A 58-year-old African-American woman presents complaining of worsening shortness of breath and palpitations for about 1 week.

A 58-year-old African-American woman presents complaining of worsening shortness of breath and palpitations for about 1 week.

Shortness of Breath

Probable Diagnosis

The patient most likely has decompensated heart failure. In heart failure, the heart does not pump enough blood to meet the metabolic requirements of the tissues. The ensuing tissue anoxia is what occasions the lethargy and weakness due to impaired metabolism (Groenewegen et al., 2020). These constitute part of the forward symptoms, which arise from inadequate perfusion of tissues and also include syncope and dizziness.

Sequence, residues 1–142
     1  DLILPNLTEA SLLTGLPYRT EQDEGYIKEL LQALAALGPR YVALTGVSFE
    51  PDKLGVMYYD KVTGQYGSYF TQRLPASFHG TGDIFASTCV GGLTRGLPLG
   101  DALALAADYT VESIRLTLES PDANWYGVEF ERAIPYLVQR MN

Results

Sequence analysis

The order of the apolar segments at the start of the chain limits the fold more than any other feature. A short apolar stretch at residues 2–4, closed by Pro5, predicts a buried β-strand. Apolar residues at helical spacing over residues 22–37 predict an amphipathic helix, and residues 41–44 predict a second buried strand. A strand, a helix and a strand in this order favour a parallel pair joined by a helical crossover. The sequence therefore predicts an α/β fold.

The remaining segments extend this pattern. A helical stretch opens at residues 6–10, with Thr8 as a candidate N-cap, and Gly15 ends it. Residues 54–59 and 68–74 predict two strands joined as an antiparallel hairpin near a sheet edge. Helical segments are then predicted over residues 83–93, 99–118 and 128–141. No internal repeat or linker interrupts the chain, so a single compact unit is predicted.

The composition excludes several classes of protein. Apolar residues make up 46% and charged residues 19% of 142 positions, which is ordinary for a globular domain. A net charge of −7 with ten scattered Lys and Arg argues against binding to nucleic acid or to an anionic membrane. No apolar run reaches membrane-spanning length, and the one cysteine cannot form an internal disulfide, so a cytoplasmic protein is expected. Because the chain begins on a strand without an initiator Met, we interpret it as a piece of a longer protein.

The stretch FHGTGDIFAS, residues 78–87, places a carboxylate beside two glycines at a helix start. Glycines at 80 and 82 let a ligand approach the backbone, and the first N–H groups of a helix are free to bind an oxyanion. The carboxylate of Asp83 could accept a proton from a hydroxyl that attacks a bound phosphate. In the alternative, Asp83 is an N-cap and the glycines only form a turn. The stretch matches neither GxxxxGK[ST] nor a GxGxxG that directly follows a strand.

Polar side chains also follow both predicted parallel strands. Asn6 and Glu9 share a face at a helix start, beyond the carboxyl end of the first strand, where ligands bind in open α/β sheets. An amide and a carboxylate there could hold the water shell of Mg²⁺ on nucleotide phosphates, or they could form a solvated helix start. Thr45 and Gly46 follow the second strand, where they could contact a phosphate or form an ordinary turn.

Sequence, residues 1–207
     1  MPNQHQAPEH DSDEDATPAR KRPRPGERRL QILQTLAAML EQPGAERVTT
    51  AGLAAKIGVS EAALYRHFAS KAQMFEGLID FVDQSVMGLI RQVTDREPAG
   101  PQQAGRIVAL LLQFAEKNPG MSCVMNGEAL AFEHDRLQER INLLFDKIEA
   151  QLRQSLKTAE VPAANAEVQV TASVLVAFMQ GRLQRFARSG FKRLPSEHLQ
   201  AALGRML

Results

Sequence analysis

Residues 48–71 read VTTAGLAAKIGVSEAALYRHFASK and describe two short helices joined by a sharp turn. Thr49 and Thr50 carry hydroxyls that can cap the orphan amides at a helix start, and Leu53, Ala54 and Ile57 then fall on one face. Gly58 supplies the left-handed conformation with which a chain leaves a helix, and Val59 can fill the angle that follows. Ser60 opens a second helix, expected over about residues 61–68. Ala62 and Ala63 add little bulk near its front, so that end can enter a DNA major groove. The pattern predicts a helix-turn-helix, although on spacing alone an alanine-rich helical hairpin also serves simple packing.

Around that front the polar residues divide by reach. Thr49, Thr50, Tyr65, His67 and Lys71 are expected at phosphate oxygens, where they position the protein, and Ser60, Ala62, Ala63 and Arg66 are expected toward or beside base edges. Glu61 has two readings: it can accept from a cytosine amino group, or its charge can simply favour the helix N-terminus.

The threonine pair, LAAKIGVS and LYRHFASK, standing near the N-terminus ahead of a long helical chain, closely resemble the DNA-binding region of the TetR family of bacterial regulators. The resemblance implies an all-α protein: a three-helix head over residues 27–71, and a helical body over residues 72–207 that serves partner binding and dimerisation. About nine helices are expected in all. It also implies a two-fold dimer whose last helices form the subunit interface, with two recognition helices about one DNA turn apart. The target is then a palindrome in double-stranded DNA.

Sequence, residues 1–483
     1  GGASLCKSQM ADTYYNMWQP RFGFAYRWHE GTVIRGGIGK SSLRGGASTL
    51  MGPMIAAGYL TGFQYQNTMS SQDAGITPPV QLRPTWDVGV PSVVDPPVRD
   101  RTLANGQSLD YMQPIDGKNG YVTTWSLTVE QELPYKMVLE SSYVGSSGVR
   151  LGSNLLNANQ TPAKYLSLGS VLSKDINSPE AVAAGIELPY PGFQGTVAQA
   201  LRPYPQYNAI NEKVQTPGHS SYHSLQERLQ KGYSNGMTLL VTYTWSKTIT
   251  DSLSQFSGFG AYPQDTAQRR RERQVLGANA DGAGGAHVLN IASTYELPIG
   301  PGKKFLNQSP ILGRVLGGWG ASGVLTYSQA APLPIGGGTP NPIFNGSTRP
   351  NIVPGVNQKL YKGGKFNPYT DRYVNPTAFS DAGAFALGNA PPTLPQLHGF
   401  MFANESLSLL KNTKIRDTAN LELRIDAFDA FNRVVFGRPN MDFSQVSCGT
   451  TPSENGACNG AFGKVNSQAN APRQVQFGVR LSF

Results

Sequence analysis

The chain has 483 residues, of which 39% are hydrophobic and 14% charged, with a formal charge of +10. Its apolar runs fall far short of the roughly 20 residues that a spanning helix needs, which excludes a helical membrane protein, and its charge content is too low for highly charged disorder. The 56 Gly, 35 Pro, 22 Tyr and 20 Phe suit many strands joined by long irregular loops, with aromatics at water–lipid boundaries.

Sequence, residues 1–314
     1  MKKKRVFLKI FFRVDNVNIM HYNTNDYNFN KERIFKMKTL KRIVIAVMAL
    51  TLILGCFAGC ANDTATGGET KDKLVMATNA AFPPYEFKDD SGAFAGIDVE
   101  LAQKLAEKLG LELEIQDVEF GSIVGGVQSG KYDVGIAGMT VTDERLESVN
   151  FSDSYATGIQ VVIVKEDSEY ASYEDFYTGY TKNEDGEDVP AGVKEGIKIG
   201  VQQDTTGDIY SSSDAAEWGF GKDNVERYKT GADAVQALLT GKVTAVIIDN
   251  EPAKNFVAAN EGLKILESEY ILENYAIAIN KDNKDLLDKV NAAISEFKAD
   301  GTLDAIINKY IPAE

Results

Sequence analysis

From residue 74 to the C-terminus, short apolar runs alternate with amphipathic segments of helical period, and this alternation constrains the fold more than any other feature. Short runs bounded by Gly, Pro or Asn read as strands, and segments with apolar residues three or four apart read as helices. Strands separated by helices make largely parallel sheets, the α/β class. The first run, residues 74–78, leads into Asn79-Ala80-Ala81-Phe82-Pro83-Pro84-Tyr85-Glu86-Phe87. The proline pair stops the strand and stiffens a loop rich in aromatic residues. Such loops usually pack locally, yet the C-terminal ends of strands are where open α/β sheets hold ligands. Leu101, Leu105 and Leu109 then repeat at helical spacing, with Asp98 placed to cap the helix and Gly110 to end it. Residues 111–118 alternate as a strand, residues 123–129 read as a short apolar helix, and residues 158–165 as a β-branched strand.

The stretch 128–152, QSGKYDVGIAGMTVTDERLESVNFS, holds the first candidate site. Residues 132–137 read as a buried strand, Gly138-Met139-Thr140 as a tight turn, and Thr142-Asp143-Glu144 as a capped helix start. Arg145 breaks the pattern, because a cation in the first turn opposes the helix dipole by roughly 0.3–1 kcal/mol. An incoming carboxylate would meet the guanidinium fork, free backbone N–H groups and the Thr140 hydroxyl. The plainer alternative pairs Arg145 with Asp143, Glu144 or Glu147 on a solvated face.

Additionally, heat failure leads to backward symptoms, such as pulmonary edema due to left ventricular failure, which leads to shortness of breath (Dharmarajan & Rich, 2017). The dyspnea worsens with increased severity of the condition, and is often accompanied by productive cough. Other symptoms include peripheral edema and paroxysmal nocturnal dyspnea. The neurohormonal compensatory mechanisms lead to palpitations and fluid retention through activation of the renin-angiotensin-aldosterone system (Groenewegen et al., 2020). The patient presented is in New York Class III.

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Possible Diagnoses

Pulmonary Fibrosis

Idiopathic pulmonary fibrosis (IPF) is a rare lung condition in which the lung compliance function is restricted. Due to the impaired ventilator function of the lungs, the tissues suffer anoxia which occasions lethargy and dyspnea. Although patients present with dyspnea, it is typically long-standing (Lederer & Martinez, 2018). It is also not accompanied by palpitations, unless it eventually leads to cor pulmonale, a rare complication.